for a number of reasons, such as keeping FT Sites reliable and secure,
personalising content and ads, providing social media features and to
analyse how our Sites are used.
Your guide to a disrupted world
Tim Harford writes the Undercover Economist column, and was previously an economics leader writer for the FT. He first joined the newspaper as Peter Martin Fellow in 2003.
Tim is the author of nine books, including the million-selling The Undercover Economist and most recently How To Make The World Add Up. He is also a regular presenter for BBC radio.
He was made an OBE in the 2019 new year honours list “for services to improving economic understanding”.
Add this topic to your myFT Digest for news straight to your inbox
Perceptions of how we’re doing in life are an increasingly important source of data
Like theme parks, British businesses could invest more, but uncertainty holds them back
The Supreme Court’s abortion ruling will have a stark impact. Here’s why
Infection rates in the UK today may well be higher than they have ever been
The ideals of debate are a wonderful thing so why does it rarely work in practice?
At the moment, we have the worst of both worlds: researchers struggle to access data yet leaks are almost inevitable
App developers know we’re hardwired to stick with the default option
Does social media cause depression and anxiety?
Imagine a person who is hugely knowledgeable and brilliantly rational, yet falls short on virtue
Rethinking a satisfactory formula can unlock new ideas
After his father died, Tim Harford asked people to consider donating. He was surprised by the response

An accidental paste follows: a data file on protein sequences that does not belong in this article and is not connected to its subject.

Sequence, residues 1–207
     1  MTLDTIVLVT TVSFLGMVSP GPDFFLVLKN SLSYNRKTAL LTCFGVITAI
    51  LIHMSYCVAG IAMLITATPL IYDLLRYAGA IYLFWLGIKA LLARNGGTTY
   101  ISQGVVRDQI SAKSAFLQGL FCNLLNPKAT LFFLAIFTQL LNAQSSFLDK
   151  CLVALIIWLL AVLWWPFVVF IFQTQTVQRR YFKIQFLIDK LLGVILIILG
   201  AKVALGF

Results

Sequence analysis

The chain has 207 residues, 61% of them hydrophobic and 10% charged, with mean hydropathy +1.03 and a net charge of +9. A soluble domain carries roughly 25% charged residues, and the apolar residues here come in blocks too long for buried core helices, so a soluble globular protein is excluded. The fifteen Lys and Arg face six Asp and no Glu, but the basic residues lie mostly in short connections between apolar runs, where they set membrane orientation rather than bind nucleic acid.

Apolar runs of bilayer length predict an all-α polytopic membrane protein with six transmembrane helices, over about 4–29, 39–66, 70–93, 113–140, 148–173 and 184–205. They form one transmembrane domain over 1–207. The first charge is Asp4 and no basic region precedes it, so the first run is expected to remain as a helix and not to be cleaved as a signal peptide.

What a little-known anecdote tells us about authorship, authenticity and even NFTs
We struggle to acknowledge that something can be good in some ways and bad in others
Is behavioural public policy a distraction from finding systemic solutions?
When time is money, you have to spend it wisely
How games can help us predict crises we never knew were possible
The conventional wisdom that the tangible trumps the intangible these days is wrong
The internet ensured pandemic resilience. But the next crisis could be different
‘The good news is that every one of us has been in training for it all our lives’
Brandon Sanderson broke crowdfunding records, but his success has limited relevance for the rest of us
It is hard for companies or consumers to care about carbon emissions when they are not priced into products
Complexity, context and ambiguity do not play well on social media
When workers are empowered to shape their own space, they do better work
Russia’s president holds a weak hand, except for the one card no rational person would play
Inside the fascinating phenomenon known as ‘voltage drop’